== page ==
A couple of days after the leopard was shot in Mandi, Himachal Pradesh, state forest officials and the hunter who shot the animal claimed they had tried to dart the leopard and failed (see ‘Tranquillising was not an option, says shikari’ The Hindu,August 13, 2013). A Divisional Forest Officer said the “hilly terrain and thick bushes make tranquillising next to impossible.”
I talked to wildlife veterinarian Aniruddha Belsare about the challenges of tranquillising wild animals. Dr. Belsare said, “Chemical restraint [restraining an animal with drugs] is a risky procedure.
In a hospital for humans with state-of-art facilities and the best doctors, the perils of anaesthesia are explained prior to any procedure, and the family of the patient signs a consent form.”
In the case of free-ranging wild animals, the hazards of chemical restraint escalate. Vets don’t know the health status of the animal or its physiological status. They don’t have the luxury of running blood tests before the operation to gauge the animal’s vital body functions.
They don’t even know the weight of the animal or if it is pregnant. Based merely on a visual assessment of the creature from a distance, often getting no more than a glimpse of a flank, they estimate the dosage of drugs.
The drugs are shot from a distance of no more than 10 to 20 metres, using a tranquillising gun or blow pipe. The animal can develop capture myopathy, a fatal condition caused by extreme stress, or it can choke on its vomit.
If the animal moves at the critical moment, the dart may hit and damage a vital organ.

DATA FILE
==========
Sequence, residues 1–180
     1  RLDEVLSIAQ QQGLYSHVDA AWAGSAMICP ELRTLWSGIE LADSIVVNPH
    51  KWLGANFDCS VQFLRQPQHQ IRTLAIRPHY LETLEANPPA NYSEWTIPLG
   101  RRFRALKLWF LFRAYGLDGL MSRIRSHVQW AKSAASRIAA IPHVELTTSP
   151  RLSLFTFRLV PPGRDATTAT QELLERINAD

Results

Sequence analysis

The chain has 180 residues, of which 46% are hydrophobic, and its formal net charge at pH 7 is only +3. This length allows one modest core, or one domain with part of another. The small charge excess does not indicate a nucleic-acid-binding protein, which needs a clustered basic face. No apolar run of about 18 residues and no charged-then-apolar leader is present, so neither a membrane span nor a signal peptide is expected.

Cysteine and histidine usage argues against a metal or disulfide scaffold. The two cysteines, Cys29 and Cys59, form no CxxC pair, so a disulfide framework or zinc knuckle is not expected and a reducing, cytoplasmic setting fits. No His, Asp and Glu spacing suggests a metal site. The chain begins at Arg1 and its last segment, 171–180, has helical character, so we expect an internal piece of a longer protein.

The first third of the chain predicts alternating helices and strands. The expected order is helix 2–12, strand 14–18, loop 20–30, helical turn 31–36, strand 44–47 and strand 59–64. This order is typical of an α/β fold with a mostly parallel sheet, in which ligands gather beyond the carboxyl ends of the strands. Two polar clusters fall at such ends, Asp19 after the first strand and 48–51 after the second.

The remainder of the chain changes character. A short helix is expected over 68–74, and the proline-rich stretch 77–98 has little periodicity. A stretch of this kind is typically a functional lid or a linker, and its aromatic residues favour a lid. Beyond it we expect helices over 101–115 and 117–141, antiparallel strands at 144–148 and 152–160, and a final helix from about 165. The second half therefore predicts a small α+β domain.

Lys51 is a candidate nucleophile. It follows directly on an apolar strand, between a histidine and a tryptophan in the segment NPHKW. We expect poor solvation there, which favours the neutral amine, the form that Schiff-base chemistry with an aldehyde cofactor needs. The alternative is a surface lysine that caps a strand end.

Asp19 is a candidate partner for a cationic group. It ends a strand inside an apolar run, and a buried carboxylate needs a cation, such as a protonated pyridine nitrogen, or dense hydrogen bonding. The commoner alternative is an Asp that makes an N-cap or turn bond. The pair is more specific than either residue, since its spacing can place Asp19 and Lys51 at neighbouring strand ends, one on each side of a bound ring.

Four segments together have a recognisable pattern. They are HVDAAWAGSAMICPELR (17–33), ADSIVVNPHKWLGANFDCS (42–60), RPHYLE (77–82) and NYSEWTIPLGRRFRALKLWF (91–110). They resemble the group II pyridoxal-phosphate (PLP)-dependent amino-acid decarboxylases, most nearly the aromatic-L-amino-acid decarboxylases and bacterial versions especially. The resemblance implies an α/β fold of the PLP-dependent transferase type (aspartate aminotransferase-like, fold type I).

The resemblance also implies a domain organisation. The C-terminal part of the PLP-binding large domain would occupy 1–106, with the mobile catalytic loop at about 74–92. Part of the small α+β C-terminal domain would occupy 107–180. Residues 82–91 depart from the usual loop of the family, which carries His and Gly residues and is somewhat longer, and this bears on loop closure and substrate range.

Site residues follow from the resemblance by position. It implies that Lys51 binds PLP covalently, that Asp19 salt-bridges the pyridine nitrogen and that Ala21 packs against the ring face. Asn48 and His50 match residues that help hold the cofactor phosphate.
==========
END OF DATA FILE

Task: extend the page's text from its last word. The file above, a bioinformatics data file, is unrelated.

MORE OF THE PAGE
Drugs take around 15 minutes to knock a leopard out. In that time, it can get away, or attack the capture team or a bystander. Sometimes, sedatives may not have the slightest effect on severely stressed animals.
Dr. Belsare says, “Since the risks are great, generally, free-ranging animals should not be tranquillised unless it is a dire emergency. Never, never dart a leopard on the loose. It’s dangerous. Always trap the animal or corner it in a room before drugging the animal through the bars of the cage or window. I learnt this by nearly getting killed myself.”
Sometimes, an animal may refuse to get trapped, like one leopard suspected of killing six people in Maharashtra. The Forest Department’s innovative idea of luring her to fall into a dry well worked and they carted her off to a rescue centre.
I asked, “Would tranquillisation be impossible under any conditions, like in hilly terrain?” “You can always find a way to do it. The real problem is: Many vets are skittish about tranquillisation because they fear the risks. Often they trap, move, and handle wild animals without sedating them.
Stress, self-inflicted injuries from struggling, or capture myopathy can kill the animal seven to 10 days later. Chemical restraint is the most critical tool when dealing with wildlife emergencies. A hundred years ago, we extracted teeth without anaesthesia. Would you go to a dentist who refuses to use drugs today? After all, even local anaesthesia has its perils.”
Had the department succeeded in tranquillising the leopard in Mandi, what next? There are zoos and rescue centres all over the country, operating at full capacity. Not only are the animals expensive to maintain, they are no longer part of cat society and ecosystem.
They don’t mate, hunt, patrol their territories, or keep the newly independent young ones on their toes.
They may be alive in captivity, but for the wilderness, they are dead and gone. Releasing these animals elsewhere is also dangerous as they may cause problems in the new area.
While it’s easy to offer management instructions from the safety of our homes, what options does the department have if it can’t take these animals into captivity, cannot release them, and cannot kill them?
That’s why it’s important to prevent conflict from occurring at all.